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OLEMISS / Psychology / PSY 201 / our ability to fulfill our potential through greater self-understandin

our ability to fulfill our potential through greater self-understandin

our ability to fulfill our potential through greater self-understandin

Description

School: University of Mississippi
Department: Psychology
Course: General Psychology
Professor: Heather bliss
Term: Fall 2016
Tags:
Cost: 50
Name: Final Review for Psychology 202
Description: Personality
Uploaded: 12/08/2016
8 Pages 84 Views 0 Unlocks
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So Where does the Theory of Personality come from?




One May What a Personality Trait is?




So, What is Personality?



Final Review: Chapter 13- So, What is Personality?? - Consists of thoughts, emotional responses, and behaviors that are relatively stable over time and circumstances.  - These are a collection of personality traits One May What a Personality Trait is?? - These are the single concepts of personality (not the whole personality)  - All the aspects of perWe also discuss several other topics like biochemistry final exam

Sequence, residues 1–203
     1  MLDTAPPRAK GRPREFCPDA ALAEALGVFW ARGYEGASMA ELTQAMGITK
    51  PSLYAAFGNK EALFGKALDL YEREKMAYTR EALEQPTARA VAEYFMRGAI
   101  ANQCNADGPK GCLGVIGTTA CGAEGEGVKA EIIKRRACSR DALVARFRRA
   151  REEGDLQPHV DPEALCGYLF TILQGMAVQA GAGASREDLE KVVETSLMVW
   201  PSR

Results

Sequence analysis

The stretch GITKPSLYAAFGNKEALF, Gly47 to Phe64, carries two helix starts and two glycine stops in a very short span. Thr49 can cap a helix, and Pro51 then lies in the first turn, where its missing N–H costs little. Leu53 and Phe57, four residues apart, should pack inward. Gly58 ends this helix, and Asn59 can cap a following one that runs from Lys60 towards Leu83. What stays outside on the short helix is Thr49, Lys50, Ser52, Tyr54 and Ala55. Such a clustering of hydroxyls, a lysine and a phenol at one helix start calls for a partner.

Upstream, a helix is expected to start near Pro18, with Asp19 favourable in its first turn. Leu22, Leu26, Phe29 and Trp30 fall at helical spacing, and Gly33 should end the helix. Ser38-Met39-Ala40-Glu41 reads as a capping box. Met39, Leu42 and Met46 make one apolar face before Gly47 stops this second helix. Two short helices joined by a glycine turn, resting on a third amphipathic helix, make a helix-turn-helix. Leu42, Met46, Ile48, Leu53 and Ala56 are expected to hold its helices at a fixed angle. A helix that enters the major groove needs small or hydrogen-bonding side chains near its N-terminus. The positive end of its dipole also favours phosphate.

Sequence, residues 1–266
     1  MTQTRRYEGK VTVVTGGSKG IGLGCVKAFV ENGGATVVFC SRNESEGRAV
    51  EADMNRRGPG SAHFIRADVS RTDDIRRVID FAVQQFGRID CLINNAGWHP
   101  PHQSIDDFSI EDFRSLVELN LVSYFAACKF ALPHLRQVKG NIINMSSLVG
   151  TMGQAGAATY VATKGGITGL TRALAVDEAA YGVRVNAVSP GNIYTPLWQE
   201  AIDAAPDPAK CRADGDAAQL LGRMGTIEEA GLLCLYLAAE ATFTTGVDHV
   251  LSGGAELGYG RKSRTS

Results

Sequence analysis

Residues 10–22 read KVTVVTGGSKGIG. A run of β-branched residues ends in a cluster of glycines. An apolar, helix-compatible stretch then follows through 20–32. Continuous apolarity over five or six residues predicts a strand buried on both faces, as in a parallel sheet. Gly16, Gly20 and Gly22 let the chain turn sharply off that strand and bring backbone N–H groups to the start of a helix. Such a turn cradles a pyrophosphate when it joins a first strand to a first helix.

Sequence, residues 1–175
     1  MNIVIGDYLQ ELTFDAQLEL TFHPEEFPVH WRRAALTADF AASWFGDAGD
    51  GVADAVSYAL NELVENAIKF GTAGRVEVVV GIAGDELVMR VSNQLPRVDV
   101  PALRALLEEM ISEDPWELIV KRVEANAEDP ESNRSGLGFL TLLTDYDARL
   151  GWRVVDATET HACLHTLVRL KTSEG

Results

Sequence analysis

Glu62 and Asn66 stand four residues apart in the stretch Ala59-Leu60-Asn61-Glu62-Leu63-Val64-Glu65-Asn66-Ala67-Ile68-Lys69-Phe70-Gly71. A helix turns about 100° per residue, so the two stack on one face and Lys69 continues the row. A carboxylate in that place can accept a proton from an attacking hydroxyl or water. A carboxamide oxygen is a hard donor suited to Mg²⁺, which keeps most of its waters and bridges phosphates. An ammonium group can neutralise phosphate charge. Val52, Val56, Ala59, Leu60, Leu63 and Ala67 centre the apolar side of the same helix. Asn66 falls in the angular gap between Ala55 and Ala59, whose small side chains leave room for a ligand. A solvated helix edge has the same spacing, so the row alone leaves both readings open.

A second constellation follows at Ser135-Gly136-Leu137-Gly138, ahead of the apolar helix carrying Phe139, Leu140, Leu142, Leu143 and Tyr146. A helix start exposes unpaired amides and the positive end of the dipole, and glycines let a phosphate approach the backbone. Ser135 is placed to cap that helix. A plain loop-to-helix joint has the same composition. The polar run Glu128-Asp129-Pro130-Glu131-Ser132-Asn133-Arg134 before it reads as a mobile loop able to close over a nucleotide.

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sonality traits can be seen across all cultures and environments.  So Where does the Theory of Personality come from?? - We only focused on the humanistic approach when discussing theories → The humanistic approach: Studying personality that emphasizes how people seek  to fulfill their potential through greater self-understanding - Proposed by Gordon Allport  - This guy said that personality was a “psychophysical system” that united mental and  biological processes.  Did You Know that Personalities Can Be Seen in Humans AND Animals - Wanna know who is more basic than us humans????? - Nonhuman animals still have personalities, but humans have more complex traits - Identical twins are more likely to have similar personalities than other siblings - ADOPTED identical twins share more personality traits than their adopted AND biological  parents - Parenting has NOTHING to do with personality Where Else Can We See Personalities… In INFANT?? WAAA... - Temperaments - Biologically based tendencies to feel or act in a certain way - Activity level: Overall amount of energy and behavior a person exhibits - Ex: If a child is interested and wants to roll/play or if he/she wants to just sit there - Emotionality: Intensity of emotional reactions  - Ex: Whether or not a baby freaks out  - Sociability: General tendency to affiliate with others  - Ex: Baby wants to socialize with other babies, or not - Infant temperament correlates with both the general structure of adult personality and specific behavioral patterns observed in adults Person- Centered Approach - Carl Rogers emphasized the importance of people’s subjective understanding of their lives - What or how something feels to the person and how they understand those feelings is more  important. - Encouraged parents to raise children with positive regard so that they might become fully  functioning peopleBig 5 & OCEAN - Five-factor theory: idea that personality can be described using five factors - Openness to experience - Conscientiousness - Extraversion - Agreeableness - Neuroticism - These factors are continuum from low to high and made up of other lower order factors  But Ya Know… People Aren’t Always Consistent… - Situationism: theory that behavior is determined more by situations than by personality  traits - Strong situations tend to mask differences in personality because of the power of the social  environment - Ex: Going to a funeral or church - Weak situations tend to reveal differences in personality (not as demanding) Behavior is Influenced by the Interaction of Personality and Situation - Interactionists: theorists who believe that behavior is determined jointly by situations and  underlying dispositions  - A reciprocal interaction occurs with a person and their social environment; both influencing  each other at the same time to produce specific types of behavior However, We Know Personality is Stable - Research suggests that personality changes somewhat in childhood but becomes more  stable by middle age - Personality is stable by the time you’re 40.  - With age, people become less neurotic, less extraverted, and less open to new experiences (parts of OCEAN); they also tend to become more agreeable and more conscientious - Age changes your personality just a little - The pattern of personality changes across age holds in different cultures suggesting a  physical function rather than a function of the environment Chapter 14- Psychological Disorders - Psychopathology: sickness or disorder of the mind - Etiology: factors that contribute to the development of a disorder Do You Think You Have Psychological Disorder… Well, You Must Qualify - Does the person act in a way that deviates from cultural norms for acceptable behavior? - Ex: Wearing a onesie to class instead of home - Is the behavior maladaptive? - Is the behavior self- destructive?- Does the behavior cause discomfort and concern to others, thus impairing a person’s social  relationships?  - Psychopathology is increasingly defined in terms of maladaptiveness - That is, a person with psychopathology exhibits thoughts, feelings, and behaviors that are  maladaptive rather than deviant - The kicker is that the symptoms of the disorder must interfere with at least ONE  aspect of the person’s life, such as work, social relations, or self-care. - Many behaviors considered normal in one MAY BE considered deviant in other settings.  - Maladaptive behaviors interfere with the ability to function within society - Deviant behaviors tend to move away from the norm but not always hinder function  But, How are Psychological Disorders Classified? - In 1952, American Psychiatric Association published the 1st edit. of Diagnostic and  Statistical Manual of Mental Disorders (DSM)  - DSM- 5 (released in 2013), disorders are described in terms of observable symptoms With All Good Things There Is a Bad Side… - One problem with DSM approach is that it implies that a person either has a psychological  disorder or does not ( this is known as a categorical approach). - Ya in or you’re out  - Rarely does anyone fit into one precise category - This can make accurate diagnoses harder to do. AHA!! We Found a Solution!! - Research Domain Criteria (RDoC): a method that defines basic aspects of functioning and  considers them across multiple levels of analysis, from genes to brain systems to  behavior.  - RDoc was created to improve the accuracy of diagnosis by use of current studies and  technology; essentially get rid of the categories and create a dimension.  What Ways Do We Test Psychological Disorders? - Psychological testing: - Process often includes self-reports, observations, and interviews. - Neuropsychological testing: - Process test the client on various physical actions, copying a picture, sorting cards, etc. - By highlighting actions that the client performs poorly, the assessment may indicate  problems with a particular brain region Have You Ever Thought What Causes These Psychological Disorders? - Diathesis-stress model:  - Diagnostic model that proposes that a disorder may develop when an underlying  vulnerability is coupled with a precipitating event - It’s when factors impair our ability to cope with the stress that we develop a psychological  disorderJust because of vulnerability to a disorder doesn’t mean you will have it but the  environment does play a bigger role Anxiety Disorders  - Anxiety disorder: psychological disorder characterized by excessive fear and anxiety in  the absence of true danger - Specific phobic: intense uncontrollable fear of specific objects or events - Ex: See a snake and freak out, fear of elevators or planes, specific things triggers fear - Social Anxiety Disorder: fear of being negatively evaluated by others - Ex: Fear of public speaking, speaking up in class, meeting new people, and eating in front of  others - One of the earliest forms of anxiety disorder to develop, often beginning around age 13  - Generalized anxiety disorder (GAD): a diffuse state of constant anxiety not associated  with any specific object or event - Constant higher state of anxiety - Ex: Think of the girl working in a lab and the lady standing over her shoulder. Those who  come up with a funny story have little anxiety, while those come up with a negative story  have higher anxiety levels.  - Agoraphobia: anxiety disorder marked by fear of being in situations in which escape may  be difficult or impossible - Ex: Being on a bus or car and not be able to escape. You’re not afraid of leaving home but  afraid of situations where you can’t escape *Side Note on Panic Attacks: Anyone with other anxiety disorder can have one, people  before they are treated usually go to the ER thinking they are having heart attack  - Obsessive-compulsive disorder (OCD): disorder characterized by frequent intrusive  thoughts and compulsive action ** Like Sierra has the frequent intrusive thought of always needing to wash her hands and so she pleases that thought by actually doing it.  - Obsessions: recurrent, intrusive, and unwanted thoughts or ideas or mental images- Compulsions: particular acts that the OCD patient feels driven to perform over and over  again - Most common compulsive behaviors are cleaning, checking, counting [The Three C’s].  - Those with OCD anticipate catastrophe and loss of control.  - Yes, Sierra believes that it will be a catastrophe if she touches something germy  and then she feels as if she has no control of what is happening to her.  - Posttraumatic stress disorder (PTSD): disorder that involves frequent nightmares,  intrusive thoughts, and flashbacks related to earlier trauma - Marked by an inability to forget *OCD & PTSD are 2 unique anxiety disorders that are characterized by frequent intrusive  thoughts.  Mood Disorders - Major depression: disorder characterized by severe negative moods or a lack of  interest in normally pleasurable activities  - Last several months to years - Highest rates being women in developing countries, although affects 6-7% of Americans in  any 12 month period (she said to know what a developing country is) - Persistent depressive disorder: a form of depression that is not severe enough to be  diagnosed as major depressive disorder, sometimes called dysthymia.  - Lasts 2-20 years - Affects approximately 2 to 3 percent of the population  - Must be depressed for 2 years to get this diagnosis What Causes Depression? - Biological components: - Deficiency of one or more monoamines (serotonin, dopamine, etc.) - Damage to the left prefrontal cortex (but NOT the right) - Biological rhythms - Situational components: - Number of studies have implicated life stressors in many cases of depression  - Ex: Developing terminal illness or seeing someone have this illness. Failing classes and  losing your scholarships What are the Cognitive Components of Depression? - People with depression think negatively about themselves, their situations, and the future - These negative thoughts about self, situation, and the future is known as cognitive triad - These dysfunctional cognitive patterns are a cause rather than a consequence of  depression  - Learned helplessness: a cognitive model of depression in which people feel unable to  control events in their livesLearned helplessness: You think you can’t change the situation you’re in so you give up Bipolar Disorders - Consists of episodes of mania and extreme depression which can last for around a week at a time  - Two types: - Bipolar I- Extreme mania with depressive episodes - More likely to get hospitalized (EXTREME MANIA) - Bipolar II- Extreme depression with mild maniac episodes  - Mild manic (EXTREME DEPRESSION) - Less common than depression - Affects men and women equally - Has a strong genetic component Dissociative Disorders - Dissociative disorders: disorders that involve disruptions of identity, of memory, or of  conscious awareness - These disorders are believed to result from extreme stress - Dissociative amnesia: a person forgets that an event happened or loses awareness of a  substantial block of time - Person with this disorder may suddenly lose memory for personal facts, including his or her  identity and place of residence - Dissociative fugue: rarest and most extreme form of dissociative amnesia that involves a  loss of identity; involves travel to another location and sometimes the assumption of a new  identity. - Fugue state often ends suddenly, with the person unsure how he/she ended up in unfamiliar  surroundings - Typically, the person does not remember events that occurred during the fugue state - Dissociative identity disorder (DID): the occurence of two or more distinct identities in  the same individual - Formally known as multiple personality disorder - Most people with DID are women who report being severely abused as children. Schizophrenia - Schizophrenia: a psychological disorder characterized by split between thought and  emotion; it involves alterations in thoughts, in perceptions, or in consciousness - Term schizophrenia literally means “splitting of the mind” - Schizophrenia involves alterations in thought, perceptions, or consciousness - Essence of schizophrenia is a disconnection from reality, or psychosis - Positive symptoms: excess in functioning, such as delusions, hallucinations, and  disorganized speech or behavior  - Negative symptoms: deficits in functioning, such as apathy, lack of emotion, and slowed  speech and movement Neurodevelopmental Disorders: - Neurodevelopmental disorders occur in children and represent a deviance from normal  development - Autism spectrum disorder: developmental disorder characterized by deficits in social  interaction, by impaired communication, and by restricted interests. - In DSM-5, there are two essential features of autism spectrum disorder. - Impairments in social interactions - Ex: don’t care much about making or keeping friends - Restrictive or repetitive behaviors, interests, or activities  - Ex: Aaron loves sports so he consumes his time learning and watching sports.  - From 1991 to 1997, a dramatic escalation—of 556 percent—occurred in the number of  children diagnosed with autism. - Based on the DSM-IV diagnosis of autistic disorder, approximately 3 to 6 children out of  1,000 showed signs of autism, and males with the disorder outnumbered females 3 to 1 - This increase in diagnoses is most likely a direct result of change in diagnostic criteria to  include much milder cases Attention Deficit Hyperactivity Disorder - Attention deficit hyperactivity disorder (ADHD): disorder characterized by  restlessness, inattentiveness, and impulsivity  - Children are often friendly and talkative, but they can have trouble making and keeping  friends because they miss subtle social cues and make unintentional social mistakes - They typically have normal levels of intelligence Personality Disorder - Long-lasting interaction style + problems in work and social situations= personality disorder - People with personality disorders consistently behave in maladaptive ways, show a more  extreme level of maladaptive behavior, and experience more personal distress and problems as a result of their behavior - The difference between personality disorders and psychological disorders is that  typically the person suffering from a personality disorder are unlikely to realize they have a  problem, whereas those with psychological disorders do.  - Borderline personality disorder: a personality disorder characterized by disturbances in  identity, affect, and impulse control.  - Cannot tolerate being alone and have an intense fear of abandonment - Borderline individuals have affective disturbance. Emotional instability is paramount - Antisocial personality disorder (APD): personality disorder in which people engage in  socially undesirable behavior, are hedonistic and impulsive, and lack empathy.- Catchall diagnosis for individuals who behave in socially undesirable ways, such as breaking  the law, being deceitful and irresponsible, and feeling a lack of remorse for their behavior. - Key signs: lacking empathy, no remorse - True psychopaths display more extreme behaviors than those with APD. - Ceo’s of companies, not always criminals, or serial killers  <3 <3 <3 <3 <3 <3 <3 <3 <3 <3 <3 <3 <3 <3 <3 <3 <3 <3 <3 <3 <3 <3 <3 <3 <3 <3  <3 <3  YOURE  DONE!!!!!!!!!!!!!!!!!!!!! !!!!!!!!!!!!!!!!!!!!!!!!!!!! !!!!!!!!!!!!!!!!!!!!!!!!!!!! !!!!!!!!!!!!!!!!!!!!!!!!!!!! !!!!!!!!!!!!!!!!!!!!!!!!!!!! !!!!!!!!!!!!!!!!!!!!!! ­ Inspired by AJS and  Heather Bliss